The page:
The militarization of the police was designed to pacify Black America, and many Black leaders have gone right along...
By Amitabh Pal
2011 Nobel Peace Prize winner Leymah Gbowee has overcome tremendous adversity. A teenager at the start of the civil war in her native Liberia, she and her family were forced to go on the run, first within the country and then to Ghana. Along the way, she witnessed terrible atrocities and narrowly escaped harm herself. During the birth of her third child, she was forced to spend a week on the hospital floor with her newborn because her then partner failed to pay the dues. (She recounts all this in her searingly honest memoir, Mighty Be Our Powers: How Sisterhood, Prayer, and Sex Changed a Nation at War.)
Gbowee refused to give up, however. In the late 1990s, she enrolled in college and started volunteering as a social worker. Gbowee’s activism became increasingly political. She mobilized women in large numbers to bring about an end to the Liberian conflict and to hasten dictator Charles Taylor’s exit. Gbowee led sit-ins, bravely spoke out during a meeting with Taylor, and even almost stripped as a protest against stalled peace talks.
Gbowee’s work first received wide attention when she and her group were featured in a 2008 documentary Pray the Devil Back to Hell, which has been shown on U.S. public television and internationally. Gbowee started getting invited all over the world to advise on conflict resolution and trauma healing. Her global recognition culminated in the Nobel Peace Prize last year, which she shared with her country’s president, Ellen Johnson Sirleaf, and Yemeni democracy campaigner Tawakkul Karman “for their nonviolent struggle for the safety of women and for women’s rights to full participation in peace-building work,” in the words of the Nobel Committee.
I met Gbowee at the end of May in Houston, where she was a keynote speaker at an international educators’ conference. She took time off from her hectic schedule to chat with me in the break room. Later that afternoon, she gave her talk. “Our task is to unfold our arms and make the world a better place,” she emphasized. “Find your passion—your arms will unfold and your drive will not stop.” Her own turning point, she said, was meeting Liberian child soldiers. She initially despised them but then realized that “the real demons were the ones who made them demons,” she said. To a standing ovation, she concluded, “You need angry American people to unfold their arms and rise up.”
Q: What made you an activist?
Leymah Gbowee: First, my upbringing. I grew up in a home where my grandmother did not tolerate any kind of disrespect, suppression, or oppression. She told us the story of her life. She was married at the age of fifteen. The first time she experienced domestic violence, she left him. She never backed down. Very atypically for an African woman, she left her child with the man. Growing up in that home, every time somebody did something, if you went to her, she said to go back and fight for yourself.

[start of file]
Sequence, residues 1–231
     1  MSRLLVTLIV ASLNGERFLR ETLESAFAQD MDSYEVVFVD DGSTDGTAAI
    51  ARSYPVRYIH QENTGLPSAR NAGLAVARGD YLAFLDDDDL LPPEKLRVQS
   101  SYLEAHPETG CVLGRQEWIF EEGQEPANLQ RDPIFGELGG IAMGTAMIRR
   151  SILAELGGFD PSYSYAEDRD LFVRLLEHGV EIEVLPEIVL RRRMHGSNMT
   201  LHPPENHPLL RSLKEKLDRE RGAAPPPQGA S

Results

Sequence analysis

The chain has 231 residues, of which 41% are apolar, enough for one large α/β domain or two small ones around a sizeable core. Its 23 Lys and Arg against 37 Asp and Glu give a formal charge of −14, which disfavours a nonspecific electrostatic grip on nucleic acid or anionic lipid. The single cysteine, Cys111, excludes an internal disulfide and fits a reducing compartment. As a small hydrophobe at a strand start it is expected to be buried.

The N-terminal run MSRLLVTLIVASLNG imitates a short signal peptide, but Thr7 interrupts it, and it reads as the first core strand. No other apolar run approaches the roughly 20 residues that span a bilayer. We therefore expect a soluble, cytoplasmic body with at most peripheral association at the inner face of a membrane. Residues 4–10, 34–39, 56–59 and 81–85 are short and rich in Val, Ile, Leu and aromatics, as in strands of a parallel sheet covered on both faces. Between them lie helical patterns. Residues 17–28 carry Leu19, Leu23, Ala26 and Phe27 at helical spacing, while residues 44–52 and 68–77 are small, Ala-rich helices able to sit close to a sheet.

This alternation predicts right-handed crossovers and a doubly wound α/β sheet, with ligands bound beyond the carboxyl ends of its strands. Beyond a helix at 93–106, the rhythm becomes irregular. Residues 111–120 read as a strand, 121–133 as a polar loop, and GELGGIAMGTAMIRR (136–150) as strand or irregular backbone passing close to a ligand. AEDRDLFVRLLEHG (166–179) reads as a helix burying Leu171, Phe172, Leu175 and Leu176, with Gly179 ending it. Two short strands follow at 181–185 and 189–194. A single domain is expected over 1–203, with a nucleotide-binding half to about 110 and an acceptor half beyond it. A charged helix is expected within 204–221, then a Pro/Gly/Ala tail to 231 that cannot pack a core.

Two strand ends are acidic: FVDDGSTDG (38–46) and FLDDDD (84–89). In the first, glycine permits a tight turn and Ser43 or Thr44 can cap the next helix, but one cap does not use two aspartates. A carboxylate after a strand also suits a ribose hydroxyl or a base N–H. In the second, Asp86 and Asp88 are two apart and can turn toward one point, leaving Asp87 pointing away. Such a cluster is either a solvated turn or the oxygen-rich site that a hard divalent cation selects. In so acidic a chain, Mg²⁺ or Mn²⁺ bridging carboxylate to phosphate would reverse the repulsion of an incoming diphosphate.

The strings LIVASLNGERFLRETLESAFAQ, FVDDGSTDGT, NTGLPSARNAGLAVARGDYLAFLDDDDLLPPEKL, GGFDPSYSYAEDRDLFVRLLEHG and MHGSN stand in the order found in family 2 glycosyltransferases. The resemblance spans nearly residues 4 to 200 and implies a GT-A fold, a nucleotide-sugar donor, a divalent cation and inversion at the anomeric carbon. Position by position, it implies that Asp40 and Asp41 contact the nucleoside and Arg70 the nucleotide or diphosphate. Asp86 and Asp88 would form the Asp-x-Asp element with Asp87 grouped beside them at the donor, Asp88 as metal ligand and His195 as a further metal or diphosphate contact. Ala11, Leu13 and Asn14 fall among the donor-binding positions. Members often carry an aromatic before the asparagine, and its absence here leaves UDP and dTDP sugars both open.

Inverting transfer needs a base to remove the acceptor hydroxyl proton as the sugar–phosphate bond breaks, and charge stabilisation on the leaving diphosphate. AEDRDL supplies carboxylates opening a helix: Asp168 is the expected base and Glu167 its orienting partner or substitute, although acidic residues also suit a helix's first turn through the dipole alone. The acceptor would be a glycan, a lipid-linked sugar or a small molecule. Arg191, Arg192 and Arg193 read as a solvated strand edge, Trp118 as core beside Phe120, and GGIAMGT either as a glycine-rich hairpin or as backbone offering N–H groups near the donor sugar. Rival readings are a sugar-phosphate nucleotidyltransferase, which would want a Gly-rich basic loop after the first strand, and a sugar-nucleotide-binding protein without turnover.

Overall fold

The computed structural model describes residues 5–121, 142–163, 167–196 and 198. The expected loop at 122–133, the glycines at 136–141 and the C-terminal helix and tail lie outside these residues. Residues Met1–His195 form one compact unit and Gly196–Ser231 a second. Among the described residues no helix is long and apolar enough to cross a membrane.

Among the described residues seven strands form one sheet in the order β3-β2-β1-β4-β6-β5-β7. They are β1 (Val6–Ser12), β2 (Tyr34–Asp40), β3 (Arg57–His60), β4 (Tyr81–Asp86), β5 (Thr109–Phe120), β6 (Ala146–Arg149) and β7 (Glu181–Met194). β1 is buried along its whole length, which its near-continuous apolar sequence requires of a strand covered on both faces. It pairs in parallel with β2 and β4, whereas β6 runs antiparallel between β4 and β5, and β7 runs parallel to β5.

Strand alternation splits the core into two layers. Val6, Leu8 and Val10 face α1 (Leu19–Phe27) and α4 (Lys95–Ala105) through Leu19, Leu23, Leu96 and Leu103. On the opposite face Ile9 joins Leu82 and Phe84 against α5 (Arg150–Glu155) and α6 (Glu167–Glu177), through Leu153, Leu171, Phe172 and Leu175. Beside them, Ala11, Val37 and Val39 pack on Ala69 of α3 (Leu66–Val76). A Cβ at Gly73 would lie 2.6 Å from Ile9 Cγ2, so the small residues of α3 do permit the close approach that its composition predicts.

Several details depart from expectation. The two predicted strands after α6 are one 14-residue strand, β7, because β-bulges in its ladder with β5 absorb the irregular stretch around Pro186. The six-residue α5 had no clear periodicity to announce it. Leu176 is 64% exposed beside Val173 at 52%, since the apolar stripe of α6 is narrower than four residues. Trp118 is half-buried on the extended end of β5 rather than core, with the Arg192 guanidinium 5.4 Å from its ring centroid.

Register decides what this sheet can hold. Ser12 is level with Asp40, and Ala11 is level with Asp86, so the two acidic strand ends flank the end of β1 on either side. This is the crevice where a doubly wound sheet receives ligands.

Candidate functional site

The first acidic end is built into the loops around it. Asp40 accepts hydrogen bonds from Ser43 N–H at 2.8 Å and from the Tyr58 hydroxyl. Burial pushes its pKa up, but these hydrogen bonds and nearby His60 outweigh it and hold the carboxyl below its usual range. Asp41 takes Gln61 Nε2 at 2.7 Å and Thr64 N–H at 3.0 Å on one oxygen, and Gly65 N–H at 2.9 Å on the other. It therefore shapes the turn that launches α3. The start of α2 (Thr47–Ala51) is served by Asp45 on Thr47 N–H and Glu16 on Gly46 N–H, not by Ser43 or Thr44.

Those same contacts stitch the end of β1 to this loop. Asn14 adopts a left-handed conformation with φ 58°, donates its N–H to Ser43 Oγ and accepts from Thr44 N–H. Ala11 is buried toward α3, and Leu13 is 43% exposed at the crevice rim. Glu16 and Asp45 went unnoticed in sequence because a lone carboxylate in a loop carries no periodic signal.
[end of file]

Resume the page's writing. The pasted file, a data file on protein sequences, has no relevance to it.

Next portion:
Our home was always a place for political conversation. As time passed and the war came on, I got interested because it was part of my life. What really revved up my activism was my anger at the state of affairs in Liberia. Once that formed, I started being really interested in unfolding developments. It hasn’t stopped till today.
Q: Could you describe for us some of what you witnessed during the civil war?
Gbowee: During the war—like in many other civil wars—we had to move several times. The first time we moved was in July , and then we moved again in early August, and then yet again in late August. By September, we were refugees. At the start, I wasn’t aware of the levels of violence. I knew that rape was part of the evils of war, but the scale at which it was happening, I had no idea. The amount of death and destruction really had me afraid. Every morning when I woke up, I would encounter dead bodies. People could be shot and killed instantly for the color of the T-shirt they wore. So those were the kinds of things we had to face. But beyond that, what really hit me was the hunger: living in a space where you could not find food for yourself or your family members.
Q: Liberia’s former despot Charles Taylor has recently been in the news. What was your role in easing him out of power?
Gbowee: I wouldn’t call it easing him out of power. I think what we did as women was predominantly to secure our community. We had a tyrant as a president. We had warlords attacking from every angle. In my mind, even if it hadn’t been Taylor, it would have been some other tyrant. So we were just out there to make our voices heard, and to make some kind of change. In the process of making the change, we were looking to bring stability to our society.
During the time, we felt like our work would be validated if he agreed to go to the peace talks. He was refusing to go on the grounds that he was the duly elected president and that the sovereignty of his government and the nation were at stake. We went to meet with him because we realized there was no way we would get to peace if the parties involved were not sitting at the table talking about peace. The day we went to meet with Taylor was a real difficult day for a lot of the women. There was fear. We didn’t know what to expect. We could be arrested. We could be beaten. If it came to the worst, we could be killed. But we decided we would still go.